French ship Indomptable (1789)

From Wikipedia, the free encyclopedia
Jump to: navigation, search
For other ships of the same name, see French ship Indomptable.
Belleisle PU4054.jpg
Indomptable (centre) at Trafalgar, between Fougueux and HMS Belleisle (left) and Santa Ana and HMS Royal Sovereign (right)
Career (France)
Name: Indomitable
Builder: Brest
Laid down: September 1788
Launched: 20 December 1790
Completed: February 1791
Fate: Wrecked after the battle of Trafalgar, October 1805
General characteristics
Class & type: Tonnant class
Type: 80-gun ship of the line
Displacement: 1800 tonnes
Length: 59.3 m (195 ft)
Beam: 15.3 m (50 ft)
Draught: 7.8 m (26 ft)
Propulsion: Sail
Sail plan: Full rigged ship
Complement: 780
Armament: 80 guns
Armour: Timber

Indomptable ("Indomitable") was an Tonnant-class 80-gun ship of the line in the French Navy, laid down in 1788 and in active service from 1791. Engaged against the Royal Navy after 1794, she was damaged in the Battle of Trafalgar and wrecked near the Spanish city of Cadiz on 24 October 1805.

Early service[edit]

Indomptable was designed by naval engineer Jacques-Noël Sané and laid down in Brest in September 1788. She was launched on 20 December 1790, and completed in February 1791.

Her first engagement was on 29 May 1794 against HMS Barfleur and HMS Orion during the Glorious First of June campaign. Following the battle the dismasted Indomptable was towed back to Brest by Brutus.[1][2]

In 1795, she served in the Mediterranean under Admiral François Joseph Bouvet and took part in the landing attempt in Ireland planned by General Louis Lazare Hoche. In 1801, she was engaged in the campaign in Egypt, but was unable to break the English blockade and stayed in Toulon. Other elements of the fleet managed to reach Elba.

Indomptable fought in the battle of Algeciras in 1801 when she was again badly damaged. In 1802 and 1803, she served in Toulon under Admiral Latouche Tréville.

Trafalgar campaign[edit]

Main article: Trafalgar Campaign

On 17 January 1805, she went to sea under Admiral Villeneuve, together with ten other ships of the line and eight frigates, and on 20 January the fleet sailed for the French Caribbean. Off Cadiz, the fleet was joined by the 74-gun Aigle, and six Spanish ships of the line under Vice-Admiral Federico Gravina. When the fleet reached the West Indies, Villeneuve sent Commodore Cosmao-Kerjulien with the Pluton and the Berwick to attack the British position on Diamond Rock, which surrendered on 2 June. Villeneuve returned to Europe on hearing that Horatio Nelson had arrived in the West Indies.

Cape Finisterre and Trafalgar[edit]

On 22 June 1805, in the battle of Cape Finisterre the quartermasters of Indomptable spotted the British fleet under Sir Robert Calder. After a violent artillery exchange, the fleets became separated in the fog. Exhausted after six months at sea, the fleet anchored in Ferrol before sailing to Cádiz to rest and refit. With his command under question and planning to meet the British fleet to gain a decisive victory, Villeneuve left Cádiz and met the British fleet near Cape Trafalgar.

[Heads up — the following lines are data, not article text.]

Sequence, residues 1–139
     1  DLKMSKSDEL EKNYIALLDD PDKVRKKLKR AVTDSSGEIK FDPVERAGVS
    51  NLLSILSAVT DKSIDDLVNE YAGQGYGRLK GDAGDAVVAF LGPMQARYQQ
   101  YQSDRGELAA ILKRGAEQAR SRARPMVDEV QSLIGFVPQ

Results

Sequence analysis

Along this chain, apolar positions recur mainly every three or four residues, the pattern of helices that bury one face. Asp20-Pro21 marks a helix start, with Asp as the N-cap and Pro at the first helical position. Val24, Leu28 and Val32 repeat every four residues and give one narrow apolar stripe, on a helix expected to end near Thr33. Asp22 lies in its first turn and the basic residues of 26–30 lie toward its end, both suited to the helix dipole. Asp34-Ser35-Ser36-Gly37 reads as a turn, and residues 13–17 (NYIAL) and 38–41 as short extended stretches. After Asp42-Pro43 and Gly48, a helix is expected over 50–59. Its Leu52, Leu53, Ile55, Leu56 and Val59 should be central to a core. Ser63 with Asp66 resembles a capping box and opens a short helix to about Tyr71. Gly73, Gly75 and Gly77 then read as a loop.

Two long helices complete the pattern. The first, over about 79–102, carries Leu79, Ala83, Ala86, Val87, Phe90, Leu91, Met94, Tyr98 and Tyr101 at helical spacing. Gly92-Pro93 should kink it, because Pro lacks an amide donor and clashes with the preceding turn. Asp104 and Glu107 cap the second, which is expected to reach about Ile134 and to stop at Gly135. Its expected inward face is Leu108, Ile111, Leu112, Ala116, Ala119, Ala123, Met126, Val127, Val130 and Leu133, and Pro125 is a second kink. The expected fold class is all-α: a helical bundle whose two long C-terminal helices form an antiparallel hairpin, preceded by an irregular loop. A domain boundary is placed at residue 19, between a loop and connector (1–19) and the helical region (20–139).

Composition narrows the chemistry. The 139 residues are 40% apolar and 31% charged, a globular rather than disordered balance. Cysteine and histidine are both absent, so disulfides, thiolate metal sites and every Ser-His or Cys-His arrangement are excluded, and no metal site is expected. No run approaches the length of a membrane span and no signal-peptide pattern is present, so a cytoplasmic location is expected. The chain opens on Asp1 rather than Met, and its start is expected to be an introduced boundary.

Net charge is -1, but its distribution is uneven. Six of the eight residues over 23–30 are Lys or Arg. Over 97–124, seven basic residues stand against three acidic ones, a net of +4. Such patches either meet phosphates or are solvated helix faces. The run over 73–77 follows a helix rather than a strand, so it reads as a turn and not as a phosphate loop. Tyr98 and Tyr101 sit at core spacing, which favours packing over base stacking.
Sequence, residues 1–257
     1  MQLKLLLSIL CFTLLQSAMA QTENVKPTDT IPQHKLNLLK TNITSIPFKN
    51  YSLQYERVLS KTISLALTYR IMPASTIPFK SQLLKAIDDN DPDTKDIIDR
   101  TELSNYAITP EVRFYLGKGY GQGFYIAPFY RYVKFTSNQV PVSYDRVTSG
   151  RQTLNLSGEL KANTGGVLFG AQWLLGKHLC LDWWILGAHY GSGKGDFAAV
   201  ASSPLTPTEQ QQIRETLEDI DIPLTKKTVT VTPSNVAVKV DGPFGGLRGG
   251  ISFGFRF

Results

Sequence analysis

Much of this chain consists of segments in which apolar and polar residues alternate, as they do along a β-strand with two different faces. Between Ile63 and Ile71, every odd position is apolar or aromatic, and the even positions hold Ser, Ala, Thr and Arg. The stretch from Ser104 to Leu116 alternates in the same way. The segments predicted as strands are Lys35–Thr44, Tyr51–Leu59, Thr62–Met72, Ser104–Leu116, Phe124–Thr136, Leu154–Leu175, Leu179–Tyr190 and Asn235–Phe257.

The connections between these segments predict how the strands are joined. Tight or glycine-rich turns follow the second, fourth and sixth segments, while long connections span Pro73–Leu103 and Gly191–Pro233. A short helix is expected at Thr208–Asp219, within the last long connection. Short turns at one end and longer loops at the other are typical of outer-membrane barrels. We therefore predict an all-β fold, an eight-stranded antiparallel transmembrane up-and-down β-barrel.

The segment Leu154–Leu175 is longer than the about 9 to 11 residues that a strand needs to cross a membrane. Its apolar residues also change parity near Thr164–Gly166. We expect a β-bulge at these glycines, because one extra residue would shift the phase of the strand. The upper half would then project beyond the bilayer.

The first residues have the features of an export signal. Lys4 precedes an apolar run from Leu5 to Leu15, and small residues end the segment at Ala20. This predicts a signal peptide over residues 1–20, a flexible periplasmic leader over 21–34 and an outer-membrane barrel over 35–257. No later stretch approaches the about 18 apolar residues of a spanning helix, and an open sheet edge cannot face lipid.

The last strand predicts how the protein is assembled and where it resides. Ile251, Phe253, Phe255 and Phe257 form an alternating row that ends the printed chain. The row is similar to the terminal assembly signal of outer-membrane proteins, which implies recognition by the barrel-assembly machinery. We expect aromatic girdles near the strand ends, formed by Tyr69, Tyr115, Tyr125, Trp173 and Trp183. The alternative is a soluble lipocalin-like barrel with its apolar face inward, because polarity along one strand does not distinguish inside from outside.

Indomptable was in the Spanish line between San Justo and Santa Ana at the opening of the Battle of Trafalgar on 21 October 1805. She engaged Rear-Admiral Cuthbert Collingwood's flagship HMS Royal Sovereign off her lee beam as she approached, then raked William Hargood's HMS Belleisle as that ship passed Indomptable's stern.[3] Later, she engaged HMS Revenge, HMS Dreadnought and HMS Thunderer, losing her place in the line but regrouping behind the Spanish flagship Principe de Asturias.[4]

Downwind of the British and effectively out of range, Indomptable turned towards the bay of Cadiz. At about two in the morning of 22 October, her crew heard distress calls from the French ship Bucentaure which had struck a reef off Santa Catalina fort. The ship's boat was run out and brought alongside Bucentaure, whose crew requested an anchor and hawsers to secure their vessel. This became impractical as Bucentaure settled deeper onto the rocks and began to sink: instead, Indomptable's boats began ferrying sailors off the vessel and back to their own. Rescue efforts continued until mid-afternoon on 23 October, by which time Bucentaure was completely submerged.[5]

Wreck[edit]

On the following night, a storm broke Indomptable's anchor chains and she was carried onto rocks offshore from Cadiz. Contemporary accounts estimate between 1,000 and 1,400 people were on board, including around 500 rescued from Bucentaure the previous night, and two men from HMS Conqueror who had been aboard Bucentaure as prize crew. Around 150 men survived the wreck, including just two of the twenty-four officers on board.[a]

Notes[edit]

^[a] The French Navy did not record precise crew numbers aboard Indomptable at the commencement of the Trafalgar engagement, nor was a tally made of the number of sailors rescued from Bucentaure: the figures of between 1,000 and 1,400 are taken from reports of contemporary observers.[6] The estimate of 150 survivors was made by Captain Pernot, whose regiment provided Indomptable's marines.[7]

Citations[edit]

  1. ^ [1][dead link]
  2. ^ de Rambaud, Guy (2002). "Louis Thomas Villaret de Joyeuse". histoire-empire.org. Retrieved 18 February 2013. 
  3. ^ Clayton and Craig (2004), pages 157, 160
  4. ^ Clayton and Craig (2004), page 241
  5. ^ Clayton and Craig (2004), pages 289, 298
  6. ^ Clayton and Craig (2004) page 334, 335
  7. ^ Clayton and Craig (2004), p334.

References[edit]

  • Clayton, Tim; Phil Craig (2004). Trafalgar: The Men, the Battle, the Storm. Hodder & Staughton. ISBN 0340830271.